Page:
Another year of gardening is sliding into the past as autumn approaches. I enjoyed using this planter again. In the top, I planted four marigold plants in the center and nine pepper plants surrounding the flowers. I also planted four tomato plants in the bottom section, selecting the largest of the plants that I grew from seed.
The marigolds did quite well. Despite planting only four of them in the planter, they once again tried to take over the space. Marigolds love this skybox!
The pepper plants did well, too. I have collected an average of three peppers per plant. I also planted the same variety of peppers in the garden. The peppers planted in the garden grew bigger. However, the peppers in the planter tended to turn from green to red sooner. (In case you aren't familiar with peppers, red peppers are sweeter and usually cost more to buy in the store.)
Tomato harvesting was better this year. All four tomato plants survived and grew well. Even the plant I accidentally pulled out of the planter a month after planting it. I just stuck the poor thing back into the soil, and it continued to grow. I planted the same variety of tomatoes in the garden, too. The garden tomatoes produced a few more pieces of fruit per plant, and the plants are larger. However, I'm pleased with the results of the upside-down tomatoes. I'm still not convinced the upside-down planter is the best way to grow tomatoes ... but it's fun!
Update -- December 3, 2007
I took the planter down this year for the winter. This is the first time I've noticed any aging of the materials. The plastic cap that fits in the hole of the base is brittle. I went to remove the cap to empty out the water, and the cap started to break apart. I left the fragile cap in the hole and emptied the water out through the smaller holes in the base. This worked fine. I'll be using this planter again next year.
Update -- May 18, 2010
This tomato garden still looks virtually new. The materials it is constructed from (other than the cap mentioned above) have held up very well. Despite my mixed results from gardening in this planter, I still love it. Marigolds are my best crop. Tomatoes have not done very well for me. This year I am trying peas in the top portion of the planter. So far they are doing well. The peas are forming tendrils and look healthy.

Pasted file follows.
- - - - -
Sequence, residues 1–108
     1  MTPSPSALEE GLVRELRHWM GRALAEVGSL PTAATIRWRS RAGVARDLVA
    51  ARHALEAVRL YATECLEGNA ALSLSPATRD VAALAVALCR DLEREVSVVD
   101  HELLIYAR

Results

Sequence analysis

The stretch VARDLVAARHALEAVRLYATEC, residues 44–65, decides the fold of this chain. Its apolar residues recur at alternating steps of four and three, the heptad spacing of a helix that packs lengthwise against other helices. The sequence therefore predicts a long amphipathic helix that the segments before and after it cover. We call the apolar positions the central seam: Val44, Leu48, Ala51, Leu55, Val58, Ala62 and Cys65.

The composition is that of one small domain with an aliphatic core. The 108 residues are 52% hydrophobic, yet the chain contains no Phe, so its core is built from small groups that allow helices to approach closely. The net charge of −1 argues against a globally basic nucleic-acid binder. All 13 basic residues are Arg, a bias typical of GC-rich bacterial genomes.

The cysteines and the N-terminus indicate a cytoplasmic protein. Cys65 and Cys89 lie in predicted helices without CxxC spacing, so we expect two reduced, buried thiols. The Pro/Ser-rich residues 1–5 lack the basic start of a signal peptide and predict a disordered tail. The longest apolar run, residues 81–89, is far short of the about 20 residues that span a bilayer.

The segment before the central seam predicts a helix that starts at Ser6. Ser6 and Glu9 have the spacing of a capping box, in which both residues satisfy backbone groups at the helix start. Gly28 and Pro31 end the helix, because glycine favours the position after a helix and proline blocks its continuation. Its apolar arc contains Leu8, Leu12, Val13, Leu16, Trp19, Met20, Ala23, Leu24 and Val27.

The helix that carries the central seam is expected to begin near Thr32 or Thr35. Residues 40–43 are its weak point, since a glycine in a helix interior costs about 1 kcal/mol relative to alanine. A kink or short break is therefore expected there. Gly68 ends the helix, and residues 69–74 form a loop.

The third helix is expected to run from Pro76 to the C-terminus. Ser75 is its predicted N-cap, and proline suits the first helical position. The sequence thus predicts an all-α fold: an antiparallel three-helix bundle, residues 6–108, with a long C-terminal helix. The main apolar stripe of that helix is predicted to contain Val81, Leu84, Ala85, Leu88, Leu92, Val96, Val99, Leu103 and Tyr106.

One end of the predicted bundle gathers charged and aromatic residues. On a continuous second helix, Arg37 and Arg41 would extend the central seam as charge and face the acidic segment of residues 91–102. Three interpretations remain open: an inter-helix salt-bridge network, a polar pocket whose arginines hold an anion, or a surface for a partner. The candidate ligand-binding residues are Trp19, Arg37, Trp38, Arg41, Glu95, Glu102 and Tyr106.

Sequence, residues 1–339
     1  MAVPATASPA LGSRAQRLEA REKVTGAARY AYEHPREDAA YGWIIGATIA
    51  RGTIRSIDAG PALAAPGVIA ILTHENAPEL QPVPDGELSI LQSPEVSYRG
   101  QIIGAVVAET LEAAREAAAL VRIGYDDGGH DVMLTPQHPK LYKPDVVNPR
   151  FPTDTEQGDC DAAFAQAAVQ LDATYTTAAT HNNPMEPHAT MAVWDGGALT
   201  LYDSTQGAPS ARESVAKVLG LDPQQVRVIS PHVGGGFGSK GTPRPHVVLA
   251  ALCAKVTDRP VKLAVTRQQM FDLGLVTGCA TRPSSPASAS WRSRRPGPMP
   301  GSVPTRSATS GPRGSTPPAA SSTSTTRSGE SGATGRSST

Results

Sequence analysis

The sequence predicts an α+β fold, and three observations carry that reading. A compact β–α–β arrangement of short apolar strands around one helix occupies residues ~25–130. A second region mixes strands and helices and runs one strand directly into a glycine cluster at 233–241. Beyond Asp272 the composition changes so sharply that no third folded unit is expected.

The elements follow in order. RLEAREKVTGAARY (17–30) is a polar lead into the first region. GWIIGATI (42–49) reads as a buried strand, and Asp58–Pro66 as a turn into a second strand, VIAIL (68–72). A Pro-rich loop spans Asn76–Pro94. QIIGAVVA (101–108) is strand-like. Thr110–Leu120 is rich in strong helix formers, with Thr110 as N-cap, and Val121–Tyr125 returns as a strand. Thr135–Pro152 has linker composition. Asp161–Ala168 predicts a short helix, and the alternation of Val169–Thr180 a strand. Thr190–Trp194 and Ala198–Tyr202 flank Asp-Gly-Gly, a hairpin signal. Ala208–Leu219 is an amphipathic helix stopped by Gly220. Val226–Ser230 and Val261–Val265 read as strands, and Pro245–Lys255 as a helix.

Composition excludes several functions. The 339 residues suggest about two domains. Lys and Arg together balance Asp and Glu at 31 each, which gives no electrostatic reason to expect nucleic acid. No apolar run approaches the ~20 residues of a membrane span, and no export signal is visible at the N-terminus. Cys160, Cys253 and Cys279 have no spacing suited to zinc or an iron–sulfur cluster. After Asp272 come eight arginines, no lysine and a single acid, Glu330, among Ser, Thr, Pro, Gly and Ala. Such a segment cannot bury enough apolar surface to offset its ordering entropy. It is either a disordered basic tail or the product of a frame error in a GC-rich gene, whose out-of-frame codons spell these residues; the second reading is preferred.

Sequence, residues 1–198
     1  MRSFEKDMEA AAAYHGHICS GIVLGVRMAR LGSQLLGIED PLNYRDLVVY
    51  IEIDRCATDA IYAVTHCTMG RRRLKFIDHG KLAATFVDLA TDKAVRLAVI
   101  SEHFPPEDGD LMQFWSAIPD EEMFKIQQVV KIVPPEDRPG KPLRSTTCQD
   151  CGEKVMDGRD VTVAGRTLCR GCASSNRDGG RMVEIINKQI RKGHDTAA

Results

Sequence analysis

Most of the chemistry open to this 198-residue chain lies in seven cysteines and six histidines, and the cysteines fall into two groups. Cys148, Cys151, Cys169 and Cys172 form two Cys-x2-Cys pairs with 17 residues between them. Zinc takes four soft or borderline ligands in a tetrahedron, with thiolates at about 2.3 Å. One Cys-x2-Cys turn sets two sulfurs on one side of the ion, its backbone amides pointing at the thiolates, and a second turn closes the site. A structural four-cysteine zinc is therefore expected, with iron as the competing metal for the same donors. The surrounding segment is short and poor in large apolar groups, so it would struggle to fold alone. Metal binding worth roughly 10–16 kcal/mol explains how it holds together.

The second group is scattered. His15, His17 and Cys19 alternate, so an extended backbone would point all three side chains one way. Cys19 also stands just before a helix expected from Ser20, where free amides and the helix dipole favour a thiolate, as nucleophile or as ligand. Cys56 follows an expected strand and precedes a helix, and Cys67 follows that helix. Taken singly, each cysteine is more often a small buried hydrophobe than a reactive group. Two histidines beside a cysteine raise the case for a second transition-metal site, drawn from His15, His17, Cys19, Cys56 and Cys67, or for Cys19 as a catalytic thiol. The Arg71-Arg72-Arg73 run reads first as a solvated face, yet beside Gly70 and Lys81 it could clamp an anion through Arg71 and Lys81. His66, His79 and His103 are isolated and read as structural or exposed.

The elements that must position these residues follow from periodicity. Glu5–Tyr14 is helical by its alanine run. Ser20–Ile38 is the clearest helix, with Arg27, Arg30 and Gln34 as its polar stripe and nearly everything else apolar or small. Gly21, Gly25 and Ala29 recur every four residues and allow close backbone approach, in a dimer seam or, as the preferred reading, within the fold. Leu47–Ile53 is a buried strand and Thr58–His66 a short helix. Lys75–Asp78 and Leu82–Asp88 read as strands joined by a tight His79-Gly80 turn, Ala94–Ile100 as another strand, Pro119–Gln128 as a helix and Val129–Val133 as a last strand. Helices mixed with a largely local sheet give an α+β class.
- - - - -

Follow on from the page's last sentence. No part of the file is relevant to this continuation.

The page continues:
A reader asked me for a tip list using this garden.
1. Use good soil in the planter box, and add fertilizer to the soil.
2. Use established, healthy plants. The seed I have directly sown into the soil is pea seed.
3. Water the planter soil every day (unless you are in a climate where the soil doesn’t dry out). Here, the soil rapidly dries … so watering every days is a must unless it rains.
4. Fertilize the plants according to the directions on the fertilizer package. Once you plant, the box will need periodic fertilizing.
I hope you found this review useful.
Enjoy your day,
Please read my other reviews:
Droll Yankee Flipper Bird Feeder -- squirrel proof
Swan Tuff and Flexible Garden Hose
Gilmour Advanced Variable Oscillating Sprinkler
Craftsman Weed Digger
Craftsman Anvil Pruner
Fiskars Power-Lever Bypass Lopper
Step 2 Grass Hopper Wheeled Garden Stool / Cart
Rubbermaid Tool Tower
Cook’s Garden (online store)
Park Seed (online store)
Burpee Seeds (online store)
Rubbermaid Big Max Storage Shed
Black & Decker Cordless Battery Mulching Lawnmower
Copyright 2005 Dawn L. Stewart